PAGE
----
Some of you will disagree with everything I say here, and that’s okay. I hope this doesn’t get too depressing for anyone. It’s not meant to be. This is what happens when reality gently taps me on the shoulder and reminds me of what’s important. (I’ve re-written this post four times already, I’m done.)
Let’s start with this, because it’s amazing:
Damn, I love me some Flynn Rider.
Those guys have dreams. Perhaps not realistic dreams, but they’ve got ’em. Don’t we all? I know I do, and I know (
because I’m a little psychic because I read your wonderful blogs) that many of you share my dream. Not for me– for yourselves.
We want to write. We want other people to read and love what we write, and we’d really like to get recognition and at least a wee bit of money for that. We want to see our books on a shelf and go, “Yes, that’s mine. I did that.” And then if you’re me, dissolve into a puddle of tears because this is what you’ve always wanted.
Doesn’t sound like so much to ask, does it? Some of you are laughing right now because you know that it IS a lot to ask, and it’s a hard dream to have. And it’s a dream that an unbelievable number of people share, all of them caring as much about their work and believing in it as hard as I do mine. I find this very humbling.
It’s a great dream, don’t get me wrong. When you love what you’re doing and there are examples in front of you every day of people just like you making it, getting their books published and turning into massive bestsellers, you think, why not me? When you get to the part where you’re collecting rejections, there are stories of those very same authors and books getting just as many rejections. You think, “it’s part of the process.” Well, I assume you do. I don’t have much experience with this part yet, but I will, one way or another. We all do, if we put our stuff out there.
We maintain hope, but at the same time, we understand that for most of us, it’s not going to happen. Whether because we’re deluding ourselves when we think our work is good enough (not you guys, your work is the cat’s pajamas. I’m saying me and those shady-looking writers over there), or because of a variety of factors beyond our control*, we’ll be lucky to see our beloved words in print.
Oh, we can skew the odds in our favor, for sure. We can read up on writing craft (and read everything else we can get our grubby mitts on and learn from), we can make our work the best it can be, we can market the heck out of it, we can go to conventions** and meet agents or editors who just might remember us if we make a super-good impression, we can spend hours and days crafting the perfect query letter. We can hire great editors and take their advice, we can find amazing cover artists and devise the perfect pricing strategy. It makes a difference. It doesn’t guarantee success.
Depressed yet? I’m not.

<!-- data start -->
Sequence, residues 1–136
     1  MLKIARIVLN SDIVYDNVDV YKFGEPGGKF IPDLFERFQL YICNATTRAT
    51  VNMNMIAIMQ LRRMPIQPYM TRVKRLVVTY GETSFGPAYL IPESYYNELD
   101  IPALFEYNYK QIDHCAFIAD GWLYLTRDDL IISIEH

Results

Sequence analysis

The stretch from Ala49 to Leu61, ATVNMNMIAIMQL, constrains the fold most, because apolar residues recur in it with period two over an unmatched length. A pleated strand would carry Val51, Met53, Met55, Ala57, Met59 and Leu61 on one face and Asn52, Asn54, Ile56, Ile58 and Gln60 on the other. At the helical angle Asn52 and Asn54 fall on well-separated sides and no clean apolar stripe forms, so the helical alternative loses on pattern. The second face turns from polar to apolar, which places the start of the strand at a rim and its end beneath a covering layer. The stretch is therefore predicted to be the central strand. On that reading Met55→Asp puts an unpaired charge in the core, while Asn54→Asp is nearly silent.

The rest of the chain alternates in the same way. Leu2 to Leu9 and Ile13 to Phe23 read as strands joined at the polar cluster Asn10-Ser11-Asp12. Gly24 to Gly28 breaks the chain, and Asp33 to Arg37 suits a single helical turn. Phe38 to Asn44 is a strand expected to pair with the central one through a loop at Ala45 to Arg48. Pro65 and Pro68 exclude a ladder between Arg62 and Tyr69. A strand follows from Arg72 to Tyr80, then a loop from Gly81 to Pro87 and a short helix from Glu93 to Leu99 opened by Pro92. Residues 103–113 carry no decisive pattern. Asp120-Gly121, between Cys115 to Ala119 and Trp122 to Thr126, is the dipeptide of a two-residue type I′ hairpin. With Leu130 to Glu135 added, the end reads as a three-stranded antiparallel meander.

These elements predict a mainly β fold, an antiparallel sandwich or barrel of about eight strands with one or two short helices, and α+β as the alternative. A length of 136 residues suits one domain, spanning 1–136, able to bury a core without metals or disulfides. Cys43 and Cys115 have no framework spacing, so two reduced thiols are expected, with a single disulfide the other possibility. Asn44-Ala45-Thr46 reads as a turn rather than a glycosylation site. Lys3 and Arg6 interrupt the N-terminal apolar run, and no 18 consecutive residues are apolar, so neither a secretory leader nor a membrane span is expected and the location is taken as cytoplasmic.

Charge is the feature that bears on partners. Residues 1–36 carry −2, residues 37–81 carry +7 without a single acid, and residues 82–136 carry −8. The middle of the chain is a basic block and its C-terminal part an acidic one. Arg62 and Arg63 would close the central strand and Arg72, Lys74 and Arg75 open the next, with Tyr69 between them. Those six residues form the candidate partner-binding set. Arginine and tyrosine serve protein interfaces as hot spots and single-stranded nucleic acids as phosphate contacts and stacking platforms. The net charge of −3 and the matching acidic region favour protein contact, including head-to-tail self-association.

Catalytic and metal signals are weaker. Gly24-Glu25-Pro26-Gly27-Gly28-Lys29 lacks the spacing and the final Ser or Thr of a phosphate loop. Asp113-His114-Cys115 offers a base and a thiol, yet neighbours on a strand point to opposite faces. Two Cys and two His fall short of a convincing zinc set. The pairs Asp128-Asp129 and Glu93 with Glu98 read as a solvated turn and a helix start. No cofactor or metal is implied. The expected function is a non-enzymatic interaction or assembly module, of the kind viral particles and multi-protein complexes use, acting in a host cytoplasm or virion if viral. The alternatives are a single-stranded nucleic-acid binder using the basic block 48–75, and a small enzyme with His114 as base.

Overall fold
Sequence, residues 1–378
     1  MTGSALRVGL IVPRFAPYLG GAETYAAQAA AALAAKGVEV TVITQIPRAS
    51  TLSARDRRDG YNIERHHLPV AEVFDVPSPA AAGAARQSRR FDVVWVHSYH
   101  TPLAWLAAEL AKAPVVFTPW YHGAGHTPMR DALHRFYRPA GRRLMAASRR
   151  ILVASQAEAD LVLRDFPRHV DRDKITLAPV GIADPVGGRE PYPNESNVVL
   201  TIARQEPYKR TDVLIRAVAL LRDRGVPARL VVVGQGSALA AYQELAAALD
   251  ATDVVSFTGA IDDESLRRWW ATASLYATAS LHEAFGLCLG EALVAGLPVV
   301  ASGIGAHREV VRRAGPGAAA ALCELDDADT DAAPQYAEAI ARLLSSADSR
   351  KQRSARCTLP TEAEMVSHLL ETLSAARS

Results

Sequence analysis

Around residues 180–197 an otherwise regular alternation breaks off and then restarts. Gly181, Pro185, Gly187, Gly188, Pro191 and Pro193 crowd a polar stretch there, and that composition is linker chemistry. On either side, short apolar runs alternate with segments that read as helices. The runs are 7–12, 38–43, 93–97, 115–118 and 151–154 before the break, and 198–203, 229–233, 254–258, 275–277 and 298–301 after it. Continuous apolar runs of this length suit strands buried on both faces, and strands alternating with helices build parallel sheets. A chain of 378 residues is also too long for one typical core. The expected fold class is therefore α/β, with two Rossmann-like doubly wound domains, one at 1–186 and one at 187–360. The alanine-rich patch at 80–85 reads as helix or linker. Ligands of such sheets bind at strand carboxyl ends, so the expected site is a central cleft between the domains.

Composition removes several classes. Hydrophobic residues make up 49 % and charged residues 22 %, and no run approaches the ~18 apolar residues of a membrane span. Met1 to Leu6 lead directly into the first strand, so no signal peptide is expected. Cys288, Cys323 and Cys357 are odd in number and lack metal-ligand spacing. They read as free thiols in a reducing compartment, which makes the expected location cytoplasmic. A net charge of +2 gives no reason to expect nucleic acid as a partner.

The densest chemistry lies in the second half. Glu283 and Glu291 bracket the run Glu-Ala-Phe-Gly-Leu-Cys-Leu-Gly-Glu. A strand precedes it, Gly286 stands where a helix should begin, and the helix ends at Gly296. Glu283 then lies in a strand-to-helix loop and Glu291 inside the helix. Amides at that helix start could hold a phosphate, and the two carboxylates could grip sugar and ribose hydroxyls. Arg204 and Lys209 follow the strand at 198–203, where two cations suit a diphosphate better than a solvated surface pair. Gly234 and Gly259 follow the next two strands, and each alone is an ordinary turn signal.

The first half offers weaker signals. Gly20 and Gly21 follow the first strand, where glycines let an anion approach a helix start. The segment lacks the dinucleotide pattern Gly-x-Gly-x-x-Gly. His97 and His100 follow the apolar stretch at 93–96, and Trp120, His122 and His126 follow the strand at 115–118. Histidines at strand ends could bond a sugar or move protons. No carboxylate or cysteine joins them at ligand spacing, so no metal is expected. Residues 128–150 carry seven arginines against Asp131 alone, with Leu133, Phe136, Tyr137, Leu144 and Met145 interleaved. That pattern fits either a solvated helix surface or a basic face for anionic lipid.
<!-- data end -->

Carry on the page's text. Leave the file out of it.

There’s a kind of freedom, for me at least, in knowing that the odds are long and the road hard, in understanding that some things are beyond my control, and that that’s absolutely, perfectly fine. It helps me understand the difference between goals and dreams. Writing the best books you can and doing the best you can for them, that’s a worthwhile goal. Having a bestseller that’s made into a blockbuster movie and then there’s the money and let’s say a super hot actor falls in love with the author behind it all (hey, why not, right?) is a dream. If it keeps you going, it’s a good dream. It’s not a reasonable goal, though, and we’re all going to be mighty disappointed if we make that kind of luck and success a goal we expect to achieve.
Optimism is necessary, and it’s fantastic. Realism is, too, but in a different way. I say we need both.
This brings me to another, tangentially related topic. You know those people who seem to pop up on every agent’s blog asking what the next big thing is going to be, as though they can write it to order and be guaranteed an agent/contract/publication/bestseller? That’s hilarious, isn’t it? Kind of adorable.
There’s a reason they say to write what you love, and to write because you love it, not because you think you could be the next Stephanie Meyer if only you could catch the wave of the next trend in publishing. Odds are you’ll put a lot of work into something you don’t actually care about, and have little to show for it. No matter what you do, books that aren’t as good as yours will probably rise higher. It sucks, but it happens (not mentioning any names). But if you love what you do, believe in your stories and feel passionately that this is what you’re meant to be doing, you’re not wasting your time. Whatever level of commercial or critical success you achieve (or don’t), you’ve done something worthwhile.
I like that idea.
So yes, I’ll polish up this book that I’m working on, wash its face and send it out into the world, telling it to play nice with the other kids (but not too nice) and not to trade its carrot sticks for cookies in the lunch room. And then I’ll get back to work on the next one, because that’s what I do.
Publishing may sometimes seem like an exercise in futility (and I’ve deleted paragraphs outlining why this is so, you’re very welcome), but writing never is. Not if it’s what you love.
*(that agent just signed someone and doesn’t care to add another just now; your book isn’t on-trend and the publisher doesn’t want to take a chance; you decide to self-publish and through the whims of fate and Amazon your book never gets any exposure)
**If you can do this, I’ll try to only hate you a little for it.